Wren is a single mom. She's been raising Charlie on her own since her husband abandoned them a few months after the birth. She has returned to her home town on the coast of Maine and is living in the cottage next to her family's larger home. The home is empty and has been for years. At her father's funeral there had been a family blow up. Wren has been estranged from mother and siblings since that day.
Her grandmother suddenly shows up on her doorstep, suggesting a birthday party in a few days. Grandma Ruth turns 90 and she wants her grandchildren all together again.
As Wren reluctantly begins to make plans, parts of her childhood come out. Her brother went missing when Wren was supposed to be watching him. Though eventually found, Wren was blamed – source of Wren's feelings of estrangement.
Add to the plot a fellow who gently begins to show interest in Wren. Bring in Wren's ex-husband who wants to get involved in Charlie's life, having been absent over a decade. And when Wren's brother and sister show up for the party (the mother refuses to come), personalities clash.
The action comes to a climax when Charlie goes missing during a heated family meeting. Wren begins to relive those hurtful experiences from her childhood.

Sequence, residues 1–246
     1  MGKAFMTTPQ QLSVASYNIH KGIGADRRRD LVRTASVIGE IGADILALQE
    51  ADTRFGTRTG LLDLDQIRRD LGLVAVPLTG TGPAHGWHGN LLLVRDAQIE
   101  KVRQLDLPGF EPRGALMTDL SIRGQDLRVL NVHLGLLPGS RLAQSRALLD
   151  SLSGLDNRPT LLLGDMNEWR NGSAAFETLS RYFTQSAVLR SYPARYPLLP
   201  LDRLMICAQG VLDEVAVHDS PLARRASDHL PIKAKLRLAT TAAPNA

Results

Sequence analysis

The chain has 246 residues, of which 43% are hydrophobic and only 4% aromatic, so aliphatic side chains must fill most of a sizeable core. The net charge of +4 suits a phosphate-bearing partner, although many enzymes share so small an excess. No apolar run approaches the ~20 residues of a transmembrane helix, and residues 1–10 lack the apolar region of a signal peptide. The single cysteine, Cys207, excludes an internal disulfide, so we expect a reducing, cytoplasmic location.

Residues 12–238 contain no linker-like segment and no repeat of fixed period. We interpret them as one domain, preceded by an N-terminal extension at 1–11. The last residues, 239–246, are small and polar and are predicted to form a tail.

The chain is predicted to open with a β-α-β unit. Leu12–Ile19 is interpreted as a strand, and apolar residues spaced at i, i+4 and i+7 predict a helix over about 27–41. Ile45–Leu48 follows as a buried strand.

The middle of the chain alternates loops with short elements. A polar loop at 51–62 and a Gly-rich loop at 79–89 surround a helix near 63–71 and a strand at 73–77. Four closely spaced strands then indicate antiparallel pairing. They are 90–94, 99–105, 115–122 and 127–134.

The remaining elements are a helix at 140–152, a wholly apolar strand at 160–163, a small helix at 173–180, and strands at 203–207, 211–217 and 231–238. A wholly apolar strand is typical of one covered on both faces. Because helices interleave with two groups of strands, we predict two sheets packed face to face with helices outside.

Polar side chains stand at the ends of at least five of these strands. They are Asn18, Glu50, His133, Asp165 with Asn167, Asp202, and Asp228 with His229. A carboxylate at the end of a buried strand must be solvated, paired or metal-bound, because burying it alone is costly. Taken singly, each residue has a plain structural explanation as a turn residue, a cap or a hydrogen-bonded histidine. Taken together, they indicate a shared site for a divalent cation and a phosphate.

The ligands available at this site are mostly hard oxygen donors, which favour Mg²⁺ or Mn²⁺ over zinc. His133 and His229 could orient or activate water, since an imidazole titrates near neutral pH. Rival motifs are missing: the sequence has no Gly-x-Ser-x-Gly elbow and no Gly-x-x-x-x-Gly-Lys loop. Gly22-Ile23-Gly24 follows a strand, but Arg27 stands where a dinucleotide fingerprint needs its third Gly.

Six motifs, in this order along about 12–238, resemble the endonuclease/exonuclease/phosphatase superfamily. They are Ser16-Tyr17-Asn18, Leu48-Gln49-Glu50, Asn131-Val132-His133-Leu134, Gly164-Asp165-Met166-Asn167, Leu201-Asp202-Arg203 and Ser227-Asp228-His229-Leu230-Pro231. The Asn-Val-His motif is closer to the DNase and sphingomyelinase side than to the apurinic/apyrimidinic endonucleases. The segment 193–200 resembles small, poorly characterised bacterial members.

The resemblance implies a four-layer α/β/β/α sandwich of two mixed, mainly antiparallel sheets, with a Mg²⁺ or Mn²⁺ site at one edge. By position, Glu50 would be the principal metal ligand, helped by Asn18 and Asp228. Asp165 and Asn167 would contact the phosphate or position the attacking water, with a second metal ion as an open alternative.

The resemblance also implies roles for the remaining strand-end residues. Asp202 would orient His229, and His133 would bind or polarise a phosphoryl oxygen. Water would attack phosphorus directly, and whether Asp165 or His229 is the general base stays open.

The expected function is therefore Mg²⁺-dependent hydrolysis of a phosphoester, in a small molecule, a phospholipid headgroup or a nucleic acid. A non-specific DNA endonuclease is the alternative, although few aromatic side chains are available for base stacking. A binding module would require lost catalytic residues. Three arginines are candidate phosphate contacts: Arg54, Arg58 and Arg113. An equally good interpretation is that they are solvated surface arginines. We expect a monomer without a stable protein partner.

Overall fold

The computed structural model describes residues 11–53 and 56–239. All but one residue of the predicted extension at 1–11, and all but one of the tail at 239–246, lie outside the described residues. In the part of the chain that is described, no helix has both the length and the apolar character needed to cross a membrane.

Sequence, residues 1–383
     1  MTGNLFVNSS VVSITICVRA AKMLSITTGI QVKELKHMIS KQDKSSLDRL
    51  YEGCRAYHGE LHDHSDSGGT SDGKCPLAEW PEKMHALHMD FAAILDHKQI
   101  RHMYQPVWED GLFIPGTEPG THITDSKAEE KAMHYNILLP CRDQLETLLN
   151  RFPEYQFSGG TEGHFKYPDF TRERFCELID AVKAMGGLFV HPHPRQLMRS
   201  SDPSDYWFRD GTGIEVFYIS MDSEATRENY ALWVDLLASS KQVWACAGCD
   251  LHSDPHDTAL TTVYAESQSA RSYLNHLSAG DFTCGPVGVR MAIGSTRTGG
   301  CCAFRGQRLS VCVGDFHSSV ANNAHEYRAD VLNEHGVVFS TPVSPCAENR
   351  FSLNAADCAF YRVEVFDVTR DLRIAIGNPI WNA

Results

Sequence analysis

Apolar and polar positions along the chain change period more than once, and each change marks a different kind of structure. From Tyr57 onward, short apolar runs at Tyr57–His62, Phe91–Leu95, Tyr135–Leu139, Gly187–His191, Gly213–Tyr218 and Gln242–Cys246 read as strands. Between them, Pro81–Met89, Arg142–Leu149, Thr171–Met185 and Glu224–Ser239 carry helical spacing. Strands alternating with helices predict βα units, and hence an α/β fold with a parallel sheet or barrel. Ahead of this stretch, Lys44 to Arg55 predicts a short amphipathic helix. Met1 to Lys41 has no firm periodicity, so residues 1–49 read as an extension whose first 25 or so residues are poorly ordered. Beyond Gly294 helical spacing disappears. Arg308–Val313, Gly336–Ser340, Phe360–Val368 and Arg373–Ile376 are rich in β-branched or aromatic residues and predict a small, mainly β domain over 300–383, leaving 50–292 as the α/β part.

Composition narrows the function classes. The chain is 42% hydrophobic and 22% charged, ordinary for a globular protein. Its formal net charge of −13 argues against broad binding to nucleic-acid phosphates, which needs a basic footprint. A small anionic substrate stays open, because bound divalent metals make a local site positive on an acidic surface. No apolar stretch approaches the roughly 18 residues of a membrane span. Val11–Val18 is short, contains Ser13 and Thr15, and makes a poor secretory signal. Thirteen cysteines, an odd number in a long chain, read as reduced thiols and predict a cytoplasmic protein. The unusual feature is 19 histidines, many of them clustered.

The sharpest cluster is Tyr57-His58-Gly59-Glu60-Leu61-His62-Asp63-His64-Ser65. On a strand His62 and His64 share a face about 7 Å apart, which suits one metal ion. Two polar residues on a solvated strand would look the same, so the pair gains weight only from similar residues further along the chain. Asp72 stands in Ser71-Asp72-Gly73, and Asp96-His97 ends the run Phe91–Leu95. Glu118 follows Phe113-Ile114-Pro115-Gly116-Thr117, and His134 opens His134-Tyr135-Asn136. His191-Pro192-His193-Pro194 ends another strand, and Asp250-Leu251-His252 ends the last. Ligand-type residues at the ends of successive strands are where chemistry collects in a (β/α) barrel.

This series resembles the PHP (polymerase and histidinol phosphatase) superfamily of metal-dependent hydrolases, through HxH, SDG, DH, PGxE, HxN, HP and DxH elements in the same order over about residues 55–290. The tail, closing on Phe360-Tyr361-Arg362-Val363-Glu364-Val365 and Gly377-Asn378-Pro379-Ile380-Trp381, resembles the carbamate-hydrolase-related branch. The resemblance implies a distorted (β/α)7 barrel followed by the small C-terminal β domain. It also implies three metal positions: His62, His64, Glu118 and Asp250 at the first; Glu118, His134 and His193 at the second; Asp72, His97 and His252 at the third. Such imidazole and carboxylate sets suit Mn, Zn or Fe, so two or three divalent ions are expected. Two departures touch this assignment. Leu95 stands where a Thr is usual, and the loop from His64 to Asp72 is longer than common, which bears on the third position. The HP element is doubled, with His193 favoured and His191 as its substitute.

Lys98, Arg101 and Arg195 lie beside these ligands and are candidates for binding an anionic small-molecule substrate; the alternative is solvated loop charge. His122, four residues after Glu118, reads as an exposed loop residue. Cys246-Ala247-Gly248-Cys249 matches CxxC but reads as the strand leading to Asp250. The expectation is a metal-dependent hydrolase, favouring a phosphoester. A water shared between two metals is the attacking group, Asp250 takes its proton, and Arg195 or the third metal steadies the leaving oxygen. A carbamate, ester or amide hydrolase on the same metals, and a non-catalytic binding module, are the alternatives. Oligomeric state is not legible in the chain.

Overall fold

There are problems with the plot line in this novel. There's lots of buildup with secrets and past hurts and when the events come to light, they seem rather unexciting.
The novel ends on a realistic note as all of the problems between the siblings are not ironed out. I can certainly see the possibility of a sequel.
There are lessons learned by characters in the novel, such as forgiveness. But it doesn't seem like the lessons carry all the way through to a final restoration. The hero of the novel, I think, is Charlie. He struggles with accepting a trouble causing friend, a friend who destroys his prize possession. Charlie is able to overcome that, however, and again accept his friend. He ends up coming through as a better representative of Christ than any of the adults.
Thomas Neslon, 352 pages.
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